Who's Afraid of the Big, Bad Blogs?
How many governors currently have blogs? The same number that communicate through smoke signals, homing pigeons and telepathy (so far as I know). Zero. Here's ...
How many governors currently have blogs? The same number that communicate through smoke signals, homing pigeons and telepathy (so far as I know). Zero.
Here's a quick rundown of the so-called blogs on governors' sites:
* Delaware's Ruth Ann Minner started a blog last May. Her first post concluded, "I hope you will continue to check back for my weekly entries." She kept that schedule for one week. Now she hasn't posted anything since December, which means the blog is dead.
* So far as I can tell, there aren't any other governors with blogs of their own that are anywhere close to active (RIP Phil blog, 2005-2005), although a couple have staff blogs. Members of Arnold Schwarzenegger's staff write entries that sound like press releases and post videos where they appear to be reading from scripts. In the past year, Arnold has only posted once.
* Kathleen Blanco also has one, although, in spite of the bylines and author photos, every entry could have been written by a PR person (otherwise, wouldn't there be personal anecdotes and unique writing styles?). Blanco hasn't ever posted.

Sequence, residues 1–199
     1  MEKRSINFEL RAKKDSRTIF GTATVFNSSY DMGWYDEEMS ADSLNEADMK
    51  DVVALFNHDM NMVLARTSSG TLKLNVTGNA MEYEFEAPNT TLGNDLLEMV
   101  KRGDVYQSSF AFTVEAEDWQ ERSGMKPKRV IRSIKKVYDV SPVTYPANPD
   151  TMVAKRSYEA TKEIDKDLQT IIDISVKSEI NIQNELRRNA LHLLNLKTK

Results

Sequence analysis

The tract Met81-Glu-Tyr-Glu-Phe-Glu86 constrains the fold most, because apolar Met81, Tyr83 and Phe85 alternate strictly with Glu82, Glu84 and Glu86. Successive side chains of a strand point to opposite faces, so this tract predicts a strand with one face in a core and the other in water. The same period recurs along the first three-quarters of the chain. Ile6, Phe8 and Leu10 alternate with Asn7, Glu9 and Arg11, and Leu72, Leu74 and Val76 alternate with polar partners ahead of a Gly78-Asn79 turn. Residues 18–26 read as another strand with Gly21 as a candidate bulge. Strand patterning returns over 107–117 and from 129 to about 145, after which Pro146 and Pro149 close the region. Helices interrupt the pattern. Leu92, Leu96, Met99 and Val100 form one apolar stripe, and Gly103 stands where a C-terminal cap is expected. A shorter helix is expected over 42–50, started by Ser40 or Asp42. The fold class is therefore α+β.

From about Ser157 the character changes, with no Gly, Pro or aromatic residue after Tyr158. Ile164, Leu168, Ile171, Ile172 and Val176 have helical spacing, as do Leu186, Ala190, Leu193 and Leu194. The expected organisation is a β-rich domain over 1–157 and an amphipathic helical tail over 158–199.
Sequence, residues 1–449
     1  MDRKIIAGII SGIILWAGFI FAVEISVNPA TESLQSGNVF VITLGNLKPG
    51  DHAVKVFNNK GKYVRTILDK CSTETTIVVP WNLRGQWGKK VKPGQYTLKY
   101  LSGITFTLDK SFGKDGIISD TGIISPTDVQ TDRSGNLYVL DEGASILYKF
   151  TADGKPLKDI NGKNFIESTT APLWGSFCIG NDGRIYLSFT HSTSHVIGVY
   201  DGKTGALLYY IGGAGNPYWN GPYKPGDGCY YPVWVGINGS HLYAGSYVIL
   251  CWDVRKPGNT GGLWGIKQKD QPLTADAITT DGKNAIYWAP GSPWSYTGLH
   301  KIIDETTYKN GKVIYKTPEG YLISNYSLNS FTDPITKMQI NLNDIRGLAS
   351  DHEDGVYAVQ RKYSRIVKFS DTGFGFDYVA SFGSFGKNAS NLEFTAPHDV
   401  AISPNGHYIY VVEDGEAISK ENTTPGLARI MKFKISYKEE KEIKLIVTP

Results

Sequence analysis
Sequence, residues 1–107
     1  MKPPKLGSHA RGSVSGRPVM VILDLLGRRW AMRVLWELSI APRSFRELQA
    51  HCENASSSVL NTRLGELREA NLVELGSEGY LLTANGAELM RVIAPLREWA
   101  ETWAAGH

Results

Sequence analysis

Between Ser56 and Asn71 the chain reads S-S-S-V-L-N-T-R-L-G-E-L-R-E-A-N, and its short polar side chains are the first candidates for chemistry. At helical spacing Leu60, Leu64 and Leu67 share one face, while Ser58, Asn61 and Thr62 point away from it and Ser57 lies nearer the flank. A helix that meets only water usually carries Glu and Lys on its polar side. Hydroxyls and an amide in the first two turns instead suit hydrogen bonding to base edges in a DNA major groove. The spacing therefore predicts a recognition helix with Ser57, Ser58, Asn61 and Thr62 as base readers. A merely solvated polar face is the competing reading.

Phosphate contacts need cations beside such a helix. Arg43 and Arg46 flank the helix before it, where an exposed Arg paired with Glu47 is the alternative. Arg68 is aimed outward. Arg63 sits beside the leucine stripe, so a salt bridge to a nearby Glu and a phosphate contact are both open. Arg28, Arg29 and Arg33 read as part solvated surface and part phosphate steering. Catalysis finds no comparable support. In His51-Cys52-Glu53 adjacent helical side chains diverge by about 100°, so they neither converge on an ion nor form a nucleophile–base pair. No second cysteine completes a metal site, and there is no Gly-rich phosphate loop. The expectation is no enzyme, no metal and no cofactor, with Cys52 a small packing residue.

That's it -- which raises two questions to me: Why aren't governors and/or their staffs blogging? And, should they be?
The wrong answer to question #1 is that they don't have time. Sure, governors and their staffs are busy, but that doesn't stop them from producing weekly columns, radio addresses, podcasts, videos and e-mail updates.
Far, far more often than not, however, all of those forms of communication end up sounding like regurgitated press releases, just like the Schwarzenegger and Blanco staff blogs. As long as governors are intent on banishing all personality, humor, wit and creativity from their communications, there's not much point to having blogs. Most realize that, which is why they don't have them.
That's a safe decision (we in the media are happy to create a firestorm out of any off-the-cuff remark), but it also represents a missed opportunity. Technology gives today's public officials an unprecedented ability to bypass the media's filter and communicate directly with constituents, be it through blogs, e-mails, podcasts, etc. The trouble is that governors have failed to create much of anything that anyone wants to read, hear or see.
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